Home Forums Newly Diagnosed Stage III/IV Updated to IIIa

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  • #22279
    klp5005
    Participant

    I originally posted about my diagnosis in the I/II forum, and how I was mulling over the decision whether or not to do a SNB during WLE. All of the help and responses I got on here helped me to make the decision to do it, which a surgeon has now called ‘the best decision of my life’. So, thanks to Catherine and everyone else who advocated for it. If you’re on the fence about SNB – DO IT. The incision is in a slightly awkward place and healing slower than my other two, my thigh is a little numb, but overall not bad at all considering it’s potential benefits.

    To recap, I had 2 WLE’s and SNB on 11/25 to remove a .8mm melanoma on my left calf and .6mm melanoma on my back. Both had clear margins and are now healed up and looking good. I have no residual swelling and seem to have escaped the lymphedema beast for now.

    To the shock of not only myself but also my surgeon (I’m now a record-holder for his 20 years of practicing), I fell into the 5% of people with my pathology that have nodal involvement. According to the pathology, only one inguinal sentinel node was removed and it had a single focused micro-met (.2mm). I was promptly poked prodded and scanned via PET, MRI, CT, XRay, ultrasound, palpation, etc. and fortunately every one of the tests came back clean (except for a pesky thyroid nodule that’s schedule for an ultrasound next month. I swear all these tests seem to open a can of worms.)

    So, yet again, I’m at a cross-roads. CLND or watch and wait? Being 29 and upgraded to stage III cancer was hard to come to grips with (and there are definitely days when I lose my grip!) Mentally I’m at peace with watch and wait, knowing that a very small amout was found hopefully very early and there’s a majority chance that I’m already cancer free (YAY!). Also, with knowing that the CLND will definitely lead to lymphedema, when there’s minimal chance of something still existing in there. I’ve been told that the combo of PET and ultrasound can find new metastases as small as 4mm, so with vigilant scanning even if it does come back it will be found promptly.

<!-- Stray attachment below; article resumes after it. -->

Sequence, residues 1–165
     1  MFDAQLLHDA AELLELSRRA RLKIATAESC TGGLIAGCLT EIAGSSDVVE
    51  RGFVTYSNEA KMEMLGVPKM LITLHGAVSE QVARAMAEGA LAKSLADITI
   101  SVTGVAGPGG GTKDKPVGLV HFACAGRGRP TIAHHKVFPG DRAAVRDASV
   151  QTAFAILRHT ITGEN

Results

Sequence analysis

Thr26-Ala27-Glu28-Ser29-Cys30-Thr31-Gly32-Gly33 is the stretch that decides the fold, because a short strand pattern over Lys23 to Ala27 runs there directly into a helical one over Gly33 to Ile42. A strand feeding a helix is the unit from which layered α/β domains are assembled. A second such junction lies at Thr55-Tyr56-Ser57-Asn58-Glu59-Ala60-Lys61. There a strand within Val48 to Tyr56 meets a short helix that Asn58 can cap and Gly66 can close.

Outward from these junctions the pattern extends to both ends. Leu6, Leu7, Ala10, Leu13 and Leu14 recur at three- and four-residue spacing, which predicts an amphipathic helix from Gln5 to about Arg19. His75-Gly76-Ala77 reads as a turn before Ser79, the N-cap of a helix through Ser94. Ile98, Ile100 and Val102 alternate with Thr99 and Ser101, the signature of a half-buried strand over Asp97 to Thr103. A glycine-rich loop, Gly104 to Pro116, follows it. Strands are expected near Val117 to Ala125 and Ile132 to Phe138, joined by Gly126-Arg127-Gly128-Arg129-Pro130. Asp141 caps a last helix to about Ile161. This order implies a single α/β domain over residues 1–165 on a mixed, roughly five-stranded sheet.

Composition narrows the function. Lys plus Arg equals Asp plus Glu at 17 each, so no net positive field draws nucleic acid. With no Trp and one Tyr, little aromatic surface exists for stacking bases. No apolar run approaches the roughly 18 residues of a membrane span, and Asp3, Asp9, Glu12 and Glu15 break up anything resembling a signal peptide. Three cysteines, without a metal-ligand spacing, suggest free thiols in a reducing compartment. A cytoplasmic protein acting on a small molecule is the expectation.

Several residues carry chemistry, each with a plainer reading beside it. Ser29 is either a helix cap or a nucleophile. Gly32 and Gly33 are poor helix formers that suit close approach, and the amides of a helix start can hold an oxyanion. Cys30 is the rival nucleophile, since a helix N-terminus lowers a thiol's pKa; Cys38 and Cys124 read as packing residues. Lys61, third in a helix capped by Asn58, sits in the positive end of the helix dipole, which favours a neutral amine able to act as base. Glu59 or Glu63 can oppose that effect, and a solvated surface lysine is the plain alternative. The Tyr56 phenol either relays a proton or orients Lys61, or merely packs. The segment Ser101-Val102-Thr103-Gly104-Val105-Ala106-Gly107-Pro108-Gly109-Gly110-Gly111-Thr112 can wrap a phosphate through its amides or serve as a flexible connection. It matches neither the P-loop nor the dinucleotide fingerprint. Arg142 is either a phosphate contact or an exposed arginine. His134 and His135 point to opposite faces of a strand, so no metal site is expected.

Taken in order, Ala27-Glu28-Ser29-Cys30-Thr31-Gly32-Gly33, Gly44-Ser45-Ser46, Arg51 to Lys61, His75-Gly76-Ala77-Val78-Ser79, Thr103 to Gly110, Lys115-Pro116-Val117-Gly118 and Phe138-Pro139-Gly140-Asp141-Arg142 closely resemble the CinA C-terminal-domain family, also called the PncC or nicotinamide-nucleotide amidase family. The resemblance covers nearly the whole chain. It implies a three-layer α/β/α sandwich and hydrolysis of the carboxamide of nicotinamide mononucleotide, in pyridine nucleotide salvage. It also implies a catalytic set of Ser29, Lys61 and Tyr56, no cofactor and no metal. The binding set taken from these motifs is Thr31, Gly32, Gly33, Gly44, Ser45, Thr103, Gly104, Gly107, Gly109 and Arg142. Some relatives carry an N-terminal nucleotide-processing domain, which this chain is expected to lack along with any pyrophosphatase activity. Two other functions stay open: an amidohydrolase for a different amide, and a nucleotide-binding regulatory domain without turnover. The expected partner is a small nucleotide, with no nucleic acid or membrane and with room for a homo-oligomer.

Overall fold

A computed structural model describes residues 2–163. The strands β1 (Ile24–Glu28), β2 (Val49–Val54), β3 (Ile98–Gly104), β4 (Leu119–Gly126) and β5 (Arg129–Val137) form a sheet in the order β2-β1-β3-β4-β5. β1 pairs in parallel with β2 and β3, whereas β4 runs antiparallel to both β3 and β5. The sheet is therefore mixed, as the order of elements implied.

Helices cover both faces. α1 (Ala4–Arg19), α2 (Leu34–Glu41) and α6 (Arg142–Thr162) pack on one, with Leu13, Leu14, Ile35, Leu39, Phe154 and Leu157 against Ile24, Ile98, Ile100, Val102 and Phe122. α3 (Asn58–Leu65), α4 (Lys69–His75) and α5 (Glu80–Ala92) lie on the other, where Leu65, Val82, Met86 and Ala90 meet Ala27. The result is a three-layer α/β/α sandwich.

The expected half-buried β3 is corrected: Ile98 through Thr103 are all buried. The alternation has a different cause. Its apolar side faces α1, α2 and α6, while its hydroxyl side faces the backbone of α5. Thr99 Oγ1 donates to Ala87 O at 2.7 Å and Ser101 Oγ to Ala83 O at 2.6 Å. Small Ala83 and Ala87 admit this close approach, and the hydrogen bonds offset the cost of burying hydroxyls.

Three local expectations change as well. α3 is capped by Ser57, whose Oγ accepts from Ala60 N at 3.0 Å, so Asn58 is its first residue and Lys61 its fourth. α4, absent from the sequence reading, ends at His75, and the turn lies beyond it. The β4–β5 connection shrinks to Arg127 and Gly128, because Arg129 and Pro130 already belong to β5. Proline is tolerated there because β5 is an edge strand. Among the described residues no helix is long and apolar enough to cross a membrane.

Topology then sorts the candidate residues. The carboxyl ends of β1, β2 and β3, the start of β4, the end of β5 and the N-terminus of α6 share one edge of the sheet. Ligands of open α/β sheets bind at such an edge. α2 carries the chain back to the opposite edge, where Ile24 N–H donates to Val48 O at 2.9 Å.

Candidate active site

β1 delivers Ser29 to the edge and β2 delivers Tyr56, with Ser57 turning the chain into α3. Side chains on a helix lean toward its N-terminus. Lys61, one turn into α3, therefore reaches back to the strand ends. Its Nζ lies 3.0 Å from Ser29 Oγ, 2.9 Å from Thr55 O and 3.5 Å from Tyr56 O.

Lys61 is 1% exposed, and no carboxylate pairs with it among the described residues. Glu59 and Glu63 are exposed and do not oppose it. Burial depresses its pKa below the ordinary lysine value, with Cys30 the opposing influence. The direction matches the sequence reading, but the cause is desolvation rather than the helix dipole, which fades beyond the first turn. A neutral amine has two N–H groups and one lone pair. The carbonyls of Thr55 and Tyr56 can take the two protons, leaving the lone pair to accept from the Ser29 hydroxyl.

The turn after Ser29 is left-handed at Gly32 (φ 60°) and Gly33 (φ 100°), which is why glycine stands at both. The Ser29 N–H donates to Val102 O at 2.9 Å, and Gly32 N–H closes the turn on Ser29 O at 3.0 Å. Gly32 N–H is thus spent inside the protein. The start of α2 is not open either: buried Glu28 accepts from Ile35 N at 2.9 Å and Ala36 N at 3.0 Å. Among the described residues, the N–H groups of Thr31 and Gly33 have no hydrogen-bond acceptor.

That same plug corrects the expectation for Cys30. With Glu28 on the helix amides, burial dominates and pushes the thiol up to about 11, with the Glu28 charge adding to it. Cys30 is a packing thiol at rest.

Through all of this I’ve found a lot of peace through research and second (and third and fourth) opinions. I’m located in Atlanta, so I’ve had access to amazing medical knowledge through both Northside hospital and Emory university. My original surgeon at Northside has recommended to watch and wait, and scheduled follow-up ultrasound and PET scans for April and every 6 months thereafter. A consult I had at Emory resulted in a recommendation to do the CLND (sidenote – Dr Delman at Emory is pioneering a CLND procedure that is videoscopic – only two small dime sized ‘ports’ on the top of the thigh – no graphic incision. If I go for CLND, it will definitely be with him and this procedure. Recovery is apparently quicker with less chance of complications.)

    Again, after hours spent on here, and reading as many medical journals as I can (and wishing they would just hurry up and publish something from MSLT-II!) I believe I’m going with watch and wait (even though I hate that phrase – I prefer to call it ‘watch and live my life’). But considering y’all’s thoughts helped me make the first difficult decision, I iust wanted to update, say THANK YOU and see if anyone had any more sage advice or similar situation that they’d like to share :)

    Thanks all!

    -Kara

    #65964
    Catherine Poole
    Keymaster

    Kara,

    Sorry to hear you were upgraded to stage III but good news about it being just one micromet. I agree with you that watching and waiting is actually an aggressive approach and makes sense. True, I’d like to also see some scientific backing for the best approach but it isn’t there. When I was diagnosed with my melanoma a .76, there was no sentinel node biopsy and so I was watched carefully over the years. It makes sense to take good care of yourself too, eat, sleep and exercise well! All three proven to make you healthier. Keep in touch and have a happy holiday.

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